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Maria Sharapova’s New Head for the New Year?
By Richard Pagliaro December 21, 2010
Maria Sharapova
It's widely speculated that Sharapova will use a Head racquet in 2011. (AP Photo)
Maria Sharapova is one of tennis’ most famous faces, but it’s the changing face of her racquet that’s recently been drawing attention.

The 23-year-old Russian and racquet manufacturer Prince announced last week that they have parted company, ending a 10-year relationship. Prince retains the right to sell a Sharapova signature line through 2011, but she will start the season with a new stick.

The announcement raises a major question: What racquet will Sharapova play with when the year’s first major, the Australian Open, begins on January 17?

Racquet customizers, stringers and devoted gear-heads speculate Sharapova has played with a blacked-out Head Radical frame for several months, making Head the likely suitor. Like diamond-cutters scrutinizing a stone for clarity, racquet techs point to photos of the all-black frame Sharapova used as proof she was not playing tournaments with a Prince, whose EXO3 technology is distinctive by the large ports on the side of the frame.

Sharapova’s representatives say there is no deal in place.

Max Eisenbud, Sharapova’s agent at IMG, told he has “no comment” on the racquet his client will use in 2011. Head execs were similarly tight-lipped on the topic.

That shared silence—and the sight of the blacked-out frame Sharapova used for the final six months of the season—speaks volumes. Sharapova also shot promotional photos for the Australian Open with the same stencil-less frame, played with it in an exhibition against Vera Zvonareva earlier this month in Monterrey, Mexico, and wields it in this commercial for Google Search by Voice:

The three-time Grand Slam champion opened the season playing with a Prince EXO3 Black frame and appeared to be using that racquet when she won her 21st career title in Memphis in February. Shortly afterward at Indian Wells, she suffered a right elbow injury that would sideline her for nearly two months. When she returned to the tour in Madrid in May, she was playing with an all-black frame devoid of the Prince stencil and lacking the patented EXO3 holes. It is believed Sharapova, who has undergone a couple of shoulder surgeries in recent years, made the switch to Head in Madrid.

“The Radical is a great stick and it is believed she’s already been using that blacked-out Radical for months,” says Bruce Levine, TENNIS’ racquet adviser. “I think it’s a little thinner beam, a little more flexible and not as head-heavy as the Prince she had been using. Maria had great success playing with Prince. But when you look at the fact she’s had shoulder surgeries, and you’re using a rigid frame and a rigid string in that frame, then sometimes something’s got to give and sometimes the thing that’s going to give is your arm.”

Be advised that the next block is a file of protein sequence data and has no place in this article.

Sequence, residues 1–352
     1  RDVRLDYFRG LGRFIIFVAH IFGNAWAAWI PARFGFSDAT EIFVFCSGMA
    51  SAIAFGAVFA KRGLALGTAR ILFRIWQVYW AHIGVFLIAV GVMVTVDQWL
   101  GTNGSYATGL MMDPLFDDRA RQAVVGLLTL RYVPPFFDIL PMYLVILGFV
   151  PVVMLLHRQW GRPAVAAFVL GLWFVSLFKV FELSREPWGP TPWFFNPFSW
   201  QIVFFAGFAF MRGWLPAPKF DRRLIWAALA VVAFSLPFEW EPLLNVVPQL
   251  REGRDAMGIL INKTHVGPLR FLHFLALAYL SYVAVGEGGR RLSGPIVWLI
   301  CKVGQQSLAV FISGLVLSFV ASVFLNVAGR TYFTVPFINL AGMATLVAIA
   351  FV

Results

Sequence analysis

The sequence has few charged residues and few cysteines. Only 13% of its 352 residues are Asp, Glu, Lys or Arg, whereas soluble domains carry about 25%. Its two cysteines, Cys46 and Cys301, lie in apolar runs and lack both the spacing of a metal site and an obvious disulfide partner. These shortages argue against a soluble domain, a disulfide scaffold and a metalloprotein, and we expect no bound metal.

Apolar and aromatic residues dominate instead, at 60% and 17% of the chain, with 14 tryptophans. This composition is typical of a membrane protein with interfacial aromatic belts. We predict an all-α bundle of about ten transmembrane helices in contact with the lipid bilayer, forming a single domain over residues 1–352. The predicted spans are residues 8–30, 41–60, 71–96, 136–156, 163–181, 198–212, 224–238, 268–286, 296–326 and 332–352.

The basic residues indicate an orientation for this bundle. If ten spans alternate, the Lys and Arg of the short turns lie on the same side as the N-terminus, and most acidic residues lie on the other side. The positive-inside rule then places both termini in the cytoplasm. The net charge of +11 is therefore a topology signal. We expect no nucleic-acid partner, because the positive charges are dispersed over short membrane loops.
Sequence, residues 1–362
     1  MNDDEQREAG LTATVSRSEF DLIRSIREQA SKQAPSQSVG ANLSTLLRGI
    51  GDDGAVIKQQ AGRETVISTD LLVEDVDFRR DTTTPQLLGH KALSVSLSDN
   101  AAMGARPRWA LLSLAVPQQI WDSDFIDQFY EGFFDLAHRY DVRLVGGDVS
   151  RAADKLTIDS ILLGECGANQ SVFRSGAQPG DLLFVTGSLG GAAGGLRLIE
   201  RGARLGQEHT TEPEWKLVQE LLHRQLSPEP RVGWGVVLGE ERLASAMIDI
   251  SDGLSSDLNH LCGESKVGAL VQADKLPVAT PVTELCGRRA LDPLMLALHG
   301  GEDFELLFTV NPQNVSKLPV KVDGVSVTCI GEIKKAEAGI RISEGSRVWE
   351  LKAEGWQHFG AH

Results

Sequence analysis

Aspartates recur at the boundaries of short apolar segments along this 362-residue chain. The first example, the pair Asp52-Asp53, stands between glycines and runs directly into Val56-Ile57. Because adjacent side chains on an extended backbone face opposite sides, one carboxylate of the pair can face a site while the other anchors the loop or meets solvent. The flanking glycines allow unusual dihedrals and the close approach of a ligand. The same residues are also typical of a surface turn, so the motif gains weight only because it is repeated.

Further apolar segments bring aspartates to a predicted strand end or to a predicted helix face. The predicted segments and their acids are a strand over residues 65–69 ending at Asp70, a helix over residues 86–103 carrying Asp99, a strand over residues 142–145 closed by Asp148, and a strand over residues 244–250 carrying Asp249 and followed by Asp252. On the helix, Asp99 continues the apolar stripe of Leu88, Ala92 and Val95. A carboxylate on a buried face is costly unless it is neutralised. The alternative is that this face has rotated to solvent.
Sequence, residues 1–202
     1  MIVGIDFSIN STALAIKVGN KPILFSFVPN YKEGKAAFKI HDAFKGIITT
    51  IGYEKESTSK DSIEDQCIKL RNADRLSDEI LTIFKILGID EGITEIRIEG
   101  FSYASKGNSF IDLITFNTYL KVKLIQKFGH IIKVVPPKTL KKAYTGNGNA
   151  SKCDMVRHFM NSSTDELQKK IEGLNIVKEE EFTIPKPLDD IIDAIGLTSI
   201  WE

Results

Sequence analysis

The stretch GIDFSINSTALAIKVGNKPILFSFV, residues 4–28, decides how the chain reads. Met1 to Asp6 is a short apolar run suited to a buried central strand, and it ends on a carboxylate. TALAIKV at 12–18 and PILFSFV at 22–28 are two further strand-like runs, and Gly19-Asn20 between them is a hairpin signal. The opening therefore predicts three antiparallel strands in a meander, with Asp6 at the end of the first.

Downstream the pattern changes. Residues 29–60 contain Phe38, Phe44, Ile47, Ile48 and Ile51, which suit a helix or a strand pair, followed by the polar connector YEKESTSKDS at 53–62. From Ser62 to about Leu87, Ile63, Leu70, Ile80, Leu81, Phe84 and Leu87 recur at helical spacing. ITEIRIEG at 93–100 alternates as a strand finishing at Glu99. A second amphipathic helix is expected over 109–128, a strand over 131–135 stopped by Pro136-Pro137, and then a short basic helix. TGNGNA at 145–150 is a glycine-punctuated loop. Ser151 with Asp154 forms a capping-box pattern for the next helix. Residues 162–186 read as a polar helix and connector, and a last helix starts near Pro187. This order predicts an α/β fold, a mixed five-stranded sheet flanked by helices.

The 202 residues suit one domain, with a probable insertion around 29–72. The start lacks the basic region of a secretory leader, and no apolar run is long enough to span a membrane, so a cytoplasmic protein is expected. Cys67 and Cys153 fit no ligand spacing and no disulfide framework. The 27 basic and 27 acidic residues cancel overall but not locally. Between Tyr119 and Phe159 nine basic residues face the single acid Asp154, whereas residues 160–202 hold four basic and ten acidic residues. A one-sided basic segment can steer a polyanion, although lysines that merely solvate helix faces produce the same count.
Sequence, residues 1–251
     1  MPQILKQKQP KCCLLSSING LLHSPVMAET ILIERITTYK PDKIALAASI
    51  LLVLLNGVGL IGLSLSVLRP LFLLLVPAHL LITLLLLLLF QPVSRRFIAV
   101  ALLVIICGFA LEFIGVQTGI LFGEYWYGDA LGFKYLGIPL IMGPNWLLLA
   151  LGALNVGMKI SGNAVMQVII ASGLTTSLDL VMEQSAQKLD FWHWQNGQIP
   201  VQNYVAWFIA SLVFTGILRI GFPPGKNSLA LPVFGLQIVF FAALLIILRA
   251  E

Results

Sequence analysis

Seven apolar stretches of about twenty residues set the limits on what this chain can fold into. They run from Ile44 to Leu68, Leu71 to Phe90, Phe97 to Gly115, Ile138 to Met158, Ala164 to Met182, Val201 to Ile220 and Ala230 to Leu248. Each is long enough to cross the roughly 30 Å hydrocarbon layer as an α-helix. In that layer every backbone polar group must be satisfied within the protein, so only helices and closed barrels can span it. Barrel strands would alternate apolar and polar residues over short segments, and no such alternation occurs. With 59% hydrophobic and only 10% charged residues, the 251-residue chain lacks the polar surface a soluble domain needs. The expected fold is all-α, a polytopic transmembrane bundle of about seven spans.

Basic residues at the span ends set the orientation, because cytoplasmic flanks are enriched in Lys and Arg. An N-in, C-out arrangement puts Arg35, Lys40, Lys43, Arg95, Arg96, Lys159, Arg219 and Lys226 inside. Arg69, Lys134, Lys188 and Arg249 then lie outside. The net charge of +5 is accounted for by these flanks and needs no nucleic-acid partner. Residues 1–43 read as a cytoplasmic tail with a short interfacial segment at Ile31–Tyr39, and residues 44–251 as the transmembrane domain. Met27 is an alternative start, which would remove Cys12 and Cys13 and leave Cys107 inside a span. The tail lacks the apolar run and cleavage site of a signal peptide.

Why Head? For one, it takes time for players to adjust to a new frame—James Blake, for example, switched from Dunlop to Prince a few years back and never felt fully comfortable, ultimately changing back—and Sharapova has already played with one for at least the last half of the year, making for a smoother transition.

There’s also the issue of dollars. Head’s top women endorsers are two-time Grand Slam champion Svetlana Kuznetsova and Victoria Azarenka—both talented players, but neither can match Sharapova’s marketing muscle. Sharapova’s earning power (she remains the highest-paid female athlete in the world, collecting $24.5 million last year, according to Forbes) places her beyond the budget of some smaller racquet companies. Still, physical cost, rather than pure compensation, could be the driving force in her decision.

“At this stage of Maria’s career, I don’t think it’s a dollars and sense issue,” Levine says. “I think it’s about finding a comfort level. She’s a flat-ball hitter who has had shoulder and elbow problems in recent years and now maybe she wants a flexible frame that is not going to give her any pain and allow her to play her game without paying that physical price.”

Sharapova is not the only star preparing to start the new year with a new frame in hand. A current top 10 player will debut a new racquet Down Under, while a few other notable names are planning to change models within their current brands.

Meanwhile, Prince is already looking ahead to the future without its most well-known player. The ITF 2010 year-end junior World No. 1 players—Russia’s Daria Gavrilova, who won the U.S. Open junior girls title, and 18-year-old Colombian Juan Sebastian Gomez—are both playing with Prince.

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